Detecting skin in images can be quite useful: it is one of the primary steps for various sophisticated systems aimed at detecting people, recognizing gestures, detecting faces, content-based filtering, and more. In spite of this host of applications, when I decided to develop a skin detector, my main motivation lay elsewhere. The research and development department I work in at Wolfram Research just underwent a gentle reorganization. With my colleagues who work on probability and statistics becoming closer neighbors, I felt like developing a small application that would make use of both Mathematica‘s image processing and statistics features; skin detection just came to my mind.
Skin tones and appearances vary, and so do flavors of skin detectors. The detector I wanted to develop is based on probabilistic models of pixel colors. For each pixel of an image given as input, the skin detector provides a probability that the pixel color belongs to a skin region.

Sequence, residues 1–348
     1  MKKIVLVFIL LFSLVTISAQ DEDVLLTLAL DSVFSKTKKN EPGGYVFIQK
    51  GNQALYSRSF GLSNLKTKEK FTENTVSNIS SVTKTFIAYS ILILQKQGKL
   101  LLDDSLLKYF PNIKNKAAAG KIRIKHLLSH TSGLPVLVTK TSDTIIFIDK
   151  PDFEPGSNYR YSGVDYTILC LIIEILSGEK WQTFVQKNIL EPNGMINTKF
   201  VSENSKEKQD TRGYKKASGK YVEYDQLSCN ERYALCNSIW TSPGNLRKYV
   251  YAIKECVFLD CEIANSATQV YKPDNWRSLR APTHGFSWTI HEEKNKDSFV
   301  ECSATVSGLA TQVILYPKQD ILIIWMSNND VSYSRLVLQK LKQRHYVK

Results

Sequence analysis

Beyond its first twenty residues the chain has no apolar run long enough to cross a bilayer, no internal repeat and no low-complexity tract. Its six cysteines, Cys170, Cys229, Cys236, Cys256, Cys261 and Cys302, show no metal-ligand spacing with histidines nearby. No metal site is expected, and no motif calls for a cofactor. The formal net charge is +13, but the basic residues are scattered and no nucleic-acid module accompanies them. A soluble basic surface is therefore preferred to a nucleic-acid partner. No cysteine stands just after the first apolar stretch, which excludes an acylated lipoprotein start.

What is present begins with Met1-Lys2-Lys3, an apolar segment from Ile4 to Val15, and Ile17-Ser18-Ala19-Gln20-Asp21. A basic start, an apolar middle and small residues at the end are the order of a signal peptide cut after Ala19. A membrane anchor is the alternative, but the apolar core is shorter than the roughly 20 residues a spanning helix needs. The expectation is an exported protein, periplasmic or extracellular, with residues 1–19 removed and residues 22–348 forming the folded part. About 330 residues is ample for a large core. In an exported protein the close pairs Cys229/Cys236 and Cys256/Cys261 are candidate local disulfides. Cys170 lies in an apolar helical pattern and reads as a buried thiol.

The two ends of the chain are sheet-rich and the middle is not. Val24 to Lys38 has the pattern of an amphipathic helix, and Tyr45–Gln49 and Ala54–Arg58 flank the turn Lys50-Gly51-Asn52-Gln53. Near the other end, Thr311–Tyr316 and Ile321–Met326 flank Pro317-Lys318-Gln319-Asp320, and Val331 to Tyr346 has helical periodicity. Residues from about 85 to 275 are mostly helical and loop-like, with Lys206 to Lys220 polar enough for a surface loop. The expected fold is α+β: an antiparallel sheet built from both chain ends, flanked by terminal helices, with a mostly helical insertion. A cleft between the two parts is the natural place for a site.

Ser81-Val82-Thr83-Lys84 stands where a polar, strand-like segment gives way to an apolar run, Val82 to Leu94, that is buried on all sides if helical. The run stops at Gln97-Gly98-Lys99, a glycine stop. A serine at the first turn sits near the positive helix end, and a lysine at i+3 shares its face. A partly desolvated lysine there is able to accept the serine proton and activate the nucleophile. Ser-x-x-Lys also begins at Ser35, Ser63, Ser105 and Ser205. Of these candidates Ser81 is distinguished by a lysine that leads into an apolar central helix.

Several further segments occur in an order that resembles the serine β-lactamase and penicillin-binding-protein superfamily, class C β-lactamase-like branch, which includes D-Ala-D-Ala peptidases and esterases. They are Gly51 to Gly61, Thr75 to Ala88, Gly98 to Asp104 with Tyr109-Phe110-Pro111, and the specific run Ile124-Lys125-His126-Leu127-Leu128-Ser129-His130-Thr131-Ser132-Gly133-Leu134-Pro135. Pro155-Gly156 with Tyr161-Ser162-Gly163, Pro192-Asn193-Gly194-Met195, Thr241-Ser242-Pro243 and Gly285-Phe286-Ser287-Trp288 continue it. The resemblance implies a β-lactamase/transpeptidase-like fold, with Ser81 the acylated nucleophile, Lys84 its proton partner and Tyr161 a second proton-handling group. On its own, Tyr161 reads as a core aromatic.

April 24, 2013 — Stephen Wolfram
More than a million people have now used our Wolfram|Alpha Personal Analytics for Facebook. And as part of our latest update, in addition to collecting some anonymized statistics, we launched a Data Donor program that allows people to contribute detailed data to us for research purposes.
A few weeks ago we decided to start analyzing all this data. And I have to say that if nothing else it’s been a terrific example of the power of Mathematica and the Wolfram Language for doing data science. (It’ll also be good fodder for the Data Science course I’m starting to create.)
We’d always planned to use the data we collect to enhance our Personal Analytics system. But I couldn’t resist also trying to do some basic science with it.